Prof: “Katie are you ok..?”

Me: “Yeah I’m sorry about that. Public speaking, am I right?”

Prof: “Aren’t you a PR major…?”

Me: “Did I get an A?”

Prof: “Why don’t you go lie down somewhere? There’s no need to finish today.”

Me: “Ok cool because that fainting episode was a lot more exciting than my presentation was going to be.”

Prof: “I’m gonna pretend you said that while you were still unconscious.”

I got up and took a bow (I didn’t actually take a bow) and the class applauded as I left the room (this actually did happen. They clapped. Like, kill me now.)

So the lesson here is: kids, stay in school. Unless your heart rate starts skyrocketing and you feel yourself overheating, in which case you should def leave school for the day.

*but don’t expect BJs to comp your pizookie out of pity. They simply will not understand how much you deserve a free pizookie today.


Mornings are my favorite time of day. But just to be clear, when I say “mornings,” I mean the hour I have to myself to lay in bed, drink coffee, eat eggs and unabashedly watch Broad City. Everything after that doesn’t count as “morning.” It’s just “day” to me. And throughout the day, there is one unavoidable social exchange that I despise more than parking garage elevator rides (for context, parking garage elevator rides usually consist of me accidentally forgetting to turn off my Pandora blasting Matt Bomer serenading the strangers around me with not-so-ambiguous questions like “How Does It Feel.” These are the longest 14 seconds of my day).

But alas, there is something worse to follow.


I know it seems like I overanalyze everything, and that’s almost definitely true. Most social interactions do not have to be nearly as awkward as I make them. However, there is one daily occurrence that I am sure is a universal struggle and that, my friends, is the unpredictable drudgery of door-holding. This epic assessment of human awkwardness is most prevalent at the end of long hallways…or parking garages…or literally anywhere with doors.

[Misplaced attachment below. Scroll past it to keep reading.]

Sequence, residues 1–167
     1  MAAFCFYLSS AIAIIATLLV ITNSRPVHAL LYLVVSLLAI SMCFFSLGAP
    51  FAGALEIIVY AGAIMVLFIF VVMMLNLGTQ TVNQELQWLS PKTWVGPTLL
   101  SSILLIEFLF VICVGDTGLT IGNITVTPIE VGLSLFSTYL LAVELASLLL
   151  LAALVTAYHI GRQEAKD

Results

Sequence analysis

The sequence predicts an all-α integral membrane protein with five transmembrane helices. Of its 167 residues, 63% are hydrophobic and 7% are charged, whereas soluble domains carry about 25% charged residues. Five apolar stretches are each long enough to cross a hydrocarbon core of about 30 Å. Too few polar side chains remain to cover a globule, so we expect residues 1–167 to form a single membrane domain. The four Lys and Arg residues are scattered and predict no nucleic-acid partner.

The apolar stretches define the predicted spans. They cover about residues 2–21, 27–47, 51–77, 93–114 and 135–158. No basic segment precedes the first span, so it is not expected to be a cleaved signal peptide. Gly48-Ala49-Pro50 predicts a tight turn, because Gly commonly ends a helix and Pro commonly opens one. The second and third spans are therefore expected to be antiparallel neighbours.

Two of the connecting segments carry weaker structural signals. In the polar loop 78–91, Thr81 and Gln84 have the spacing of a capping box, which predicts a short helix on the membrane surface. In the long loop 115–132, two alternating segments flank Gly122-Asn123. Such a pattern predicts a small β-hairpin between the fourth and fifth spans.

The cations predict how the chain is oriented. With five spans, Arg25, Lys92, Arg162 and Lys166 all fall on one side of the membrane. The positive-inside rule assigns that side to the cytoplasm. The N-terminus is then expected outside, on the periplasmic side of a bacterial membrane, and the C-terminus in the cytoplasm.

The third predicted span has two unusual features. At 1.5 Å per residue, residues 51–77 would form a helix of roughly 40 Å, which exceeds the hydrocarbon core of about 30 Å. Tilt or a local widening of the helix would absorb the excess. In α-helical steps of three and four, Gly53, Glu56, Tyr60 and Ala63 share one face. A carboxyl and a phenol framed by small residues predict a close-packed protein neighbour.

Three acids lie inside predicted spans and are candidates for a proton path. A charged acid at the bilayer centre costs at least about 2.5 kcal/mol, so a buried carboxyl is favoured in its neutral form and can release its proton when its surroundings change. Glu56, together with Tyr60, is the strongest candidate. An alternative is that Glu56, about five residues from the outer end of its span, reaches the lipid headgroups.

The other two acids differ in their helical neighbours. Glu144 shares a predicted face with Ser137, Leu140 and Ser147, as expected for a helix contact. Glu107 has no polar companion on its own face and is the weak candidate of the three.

How long do you wait for the person behind you to catch up before letting the door close and walking off? If you wait too long, said person has to do that classy skip-sprint dance number to the door so you don’t have to uncomfortably stand there for what feels like hours. On the other hand, if you let the door fall without waiting at all, you’re just a criminal – especially if you subtly shoot an instinctive glance behind you to justify your decision. All of us walking behind you saw you briefly turn around; we know you saw us.

And if you’re the one behind, do you keep saying “thank you” as the person in front of you holds open four consecutive doors? Why does every building in Dallas have so many doors anyway? No one needs that much privacy or security. “Thank you. Thank you. Ha, thank you. Oh…thank you.” You sound like an indebted broken record. And what if they’re the kind of OCD person who has to verbally acknowledge your thankfulness:

Door #1: “Thank you.” “You’re welcome.” Door #2: “Thanks.” “Welcome.” Door #3: “Oh, thank you.” “No problem.” Door #4: “Wow, so many damn doors, thank you.” “Finally, we’ve made it to the Promised Land. You’re welcome.”

It’s annoying to imagine either of these scenarios, but you also can’t just walk through without expressing gratitude. According to Emily Post, that would be discourteous. So you must decide: would you rather be awkward or rude? If you’re like me, it’s not a decision per se. It’s more of a way of life. Awkwardness is an art I’ve long perfected. So it may be in your best social interest to simply be rude and remain thankyou-less – unless I’m the one holding the door, in which case you’d better sincerely thank me and tip me for each door.


Also, as a woman, I’m not sure exactly what the protocol is anyway. I hate to think I would just expect a man to hold the door open for me every time I approach a doorway, but when I end up holding the door open for a man, I nonetheless silently curse him and his family as he apathetically slithers through the door I so graciously held for him. But, like… I’m a feminist. In conclusion, doorways really distort all my beliefs and I am once again left questioning my identity. I don’t lose much sleep over this, though. Door-holding is like Manhattan real estate – there are no rules.

There’s no getting around this phenomenon since most establishments have – in more or less patronizing tones – laughed off my suggestion to use a row of those really cool, floor-length beads instead of actual doors (you’ll be sorry one day when those come back in style. You’ll all be sorry). I guess we’re stuck holding doors open and accepting doors being held open for us. So the next time you proudly stride through an automatic doorway at Target, think of how lucky you are that you have me to remind you of these things.